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Volume 11 Issue 1 - September 2005

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ftff TOKONTO 2oos/06 1 I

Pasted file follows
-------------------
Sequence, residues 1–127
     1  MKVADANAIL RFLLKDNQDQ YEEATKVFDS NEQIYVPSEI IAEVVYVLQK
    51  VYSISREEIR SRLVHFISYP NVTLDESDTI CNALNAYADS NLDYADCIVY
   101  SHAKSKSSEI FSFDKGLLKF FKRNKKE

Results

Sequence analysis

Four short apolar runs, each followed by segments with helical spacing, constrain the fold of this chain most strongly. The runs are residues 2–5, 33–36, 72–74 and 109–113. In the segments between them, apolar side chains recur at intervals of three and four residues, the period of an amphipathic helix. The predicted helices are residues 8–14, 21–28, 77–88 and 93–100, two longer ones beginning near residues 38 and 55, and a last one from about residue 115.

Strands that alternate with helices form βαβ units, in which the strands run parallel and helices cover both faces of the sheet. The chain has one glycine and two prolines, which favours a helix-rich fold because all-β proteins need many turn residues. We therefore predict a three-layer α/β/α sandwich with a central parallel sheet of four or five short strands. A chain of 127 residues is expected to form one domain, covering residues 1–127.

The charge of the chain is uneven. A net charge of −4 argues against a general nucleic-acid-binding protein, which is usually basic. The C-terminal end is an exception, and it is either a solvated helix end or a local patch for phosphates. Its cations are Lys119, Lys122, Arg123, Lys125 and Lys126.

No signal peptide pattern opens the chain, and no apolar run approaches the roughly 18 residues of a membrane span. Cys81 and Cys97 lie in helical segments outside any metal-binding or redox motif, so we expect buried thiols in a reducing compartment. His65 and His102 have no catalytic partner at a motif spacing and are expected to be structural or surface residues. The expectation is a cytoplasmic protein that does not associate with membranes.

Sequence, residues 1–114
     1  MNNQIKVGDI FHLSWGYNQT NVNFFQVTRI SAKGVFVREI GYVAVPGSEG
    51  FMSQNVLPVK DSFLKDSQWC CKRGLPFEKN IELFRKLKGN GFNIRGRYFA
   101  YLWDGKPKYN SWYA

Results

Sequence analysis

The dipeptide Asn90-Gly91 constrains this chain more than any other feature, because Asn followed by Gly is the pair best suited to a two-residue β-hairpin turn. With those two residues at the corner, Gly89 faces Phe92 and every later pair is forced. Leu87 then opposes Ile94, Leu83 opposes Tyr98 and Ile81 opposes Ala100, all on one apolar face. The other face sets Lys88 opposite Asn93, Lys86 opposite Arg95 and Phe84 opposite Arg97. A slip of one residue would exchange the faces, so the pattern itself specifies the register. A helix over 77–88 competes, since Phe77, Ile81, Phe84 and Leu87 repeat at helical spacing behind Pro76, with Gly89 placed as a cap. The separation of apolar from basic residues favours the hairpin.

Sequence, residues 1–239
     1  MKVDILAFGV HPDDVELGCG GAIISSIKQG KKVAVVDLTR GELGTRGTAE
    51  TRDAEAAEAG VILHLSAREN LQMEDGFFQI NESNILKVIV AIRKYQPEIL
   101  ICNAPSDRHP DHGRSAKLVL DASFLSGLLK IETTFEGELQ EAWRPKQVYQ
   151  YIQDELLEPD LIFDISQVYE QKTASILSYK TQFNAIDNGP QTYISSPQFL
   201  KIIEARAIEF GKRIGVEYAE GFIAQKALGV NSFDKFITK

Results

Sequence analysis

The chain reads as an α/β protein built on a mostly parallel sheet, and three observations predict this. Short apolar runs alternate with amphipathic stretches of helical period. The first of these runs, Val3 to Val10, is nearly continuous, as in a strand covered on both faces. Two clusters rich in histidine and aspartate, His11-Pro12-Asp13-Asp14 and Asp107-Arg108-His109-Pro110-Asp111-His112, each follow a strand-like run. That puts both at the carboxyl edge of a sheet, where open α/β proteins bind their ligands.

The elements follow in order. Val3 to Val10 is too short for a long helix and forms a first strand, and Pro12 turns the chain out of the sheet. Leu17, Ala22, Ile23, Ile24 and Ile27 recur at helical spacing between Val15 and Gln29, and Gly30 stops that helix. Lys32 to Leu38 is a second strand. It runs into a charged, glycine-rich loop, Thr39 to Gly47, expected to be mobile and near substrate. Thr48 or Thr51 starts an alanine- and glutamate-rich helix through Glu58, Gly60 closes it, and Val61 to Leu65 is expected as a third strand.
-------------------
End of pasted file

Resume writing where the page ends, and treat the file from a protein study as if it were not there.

ftff TOKONTO 2oos/06 1 I Ba~bk~, Bangle.~ I & Be.ad~ Gudlermo I Founder & Gmrral Director I I J\~afioyarh I ~ahncss A celebration of Gilbert & Sullivan! Elizabeth Beeler, Robert Longo, Peter McCutcheon, Derek Bate November 6 at 2 pm Wiener tk ~-~~:' by KURT WEILL Elizabeth Beeler, Fred Love Conductor Jeffrey Huard Stage Director Guillermo Silva-Marin Feb. 17 (prev.) & 18 at 8 pm Feb. 19 at 2 pm ~-~· ~ l( ~J~ Yt\~-i ~by Wright & Forrest Peter McCutcheon, Gabrielle Prata, Elizabeth DeGrazia, Keith Savage Conducto r Derek Bate Stage Director Guillermo Silva-Marin Lightin g Des;gner Elizabeth Asselstine April 21 (prev. ), 22, 28 & 29 at 8pm April 26 & 30 at 2 pm Six subscription packages. Call 416-922-2912 for a brochure. www.torontooperetta.com JANE MALLETT THEATRE 416-366-7723 1-800-708-6754 30 Back to Ad Index ON OPERA A season of firsts by Christopher Haile THE 2005-06 OPERA SEASON is one of many firsts. Opera Atelier will S;lva-Mahn SANUB 0 SC 5 ARJVEBE I f present the North American premiere of Armide by Jean-Baptiste Lully. Opera Ontario will offer two performances per opera in Kitchener, for the first time. And for the first time the entire Canadian Opera Company season will be made up of the COC' s own productions, four of them new. rected by Tim Albery. A good companion piece for those attending the COC's Macbeth will be Verdi's I Masnadieri (1847) presented by Opera in Concert on October 23. IN NOVEMBER ATIENTION will focus on Opera Atelier's 20th anniversary season and the premiere of Lully's Armide (1686) on November 5. The work will please those turned on to Lully by OA's trium- THE SEASON OPENS phant Persee; one with the COC's pro- can't help but be duction of Verdi's curious, though, Macbeth (1847) Sep- how the company tember22 starring Pav- will treat the work's lo Hunka as Macbeth, contentious subject: Georgina Lukacs as Christians vs Mus- Lady Macbeth and 1 ::: tims during the Roger Honeywell as ..d ~ First Crusade. Macduff. Then on Sep- .-- :, ~ i'.i On November 1 O tember 29 the COC's l the U of T Opera new Carmen ( 1875) _"" :' 0 Division presents a opens for nine per- , ~ 1 ra'.ity in Otto Nicoformances. Mean- . ·• ::7-:· la1's The Merry while, TrypTych Steph_ame Nov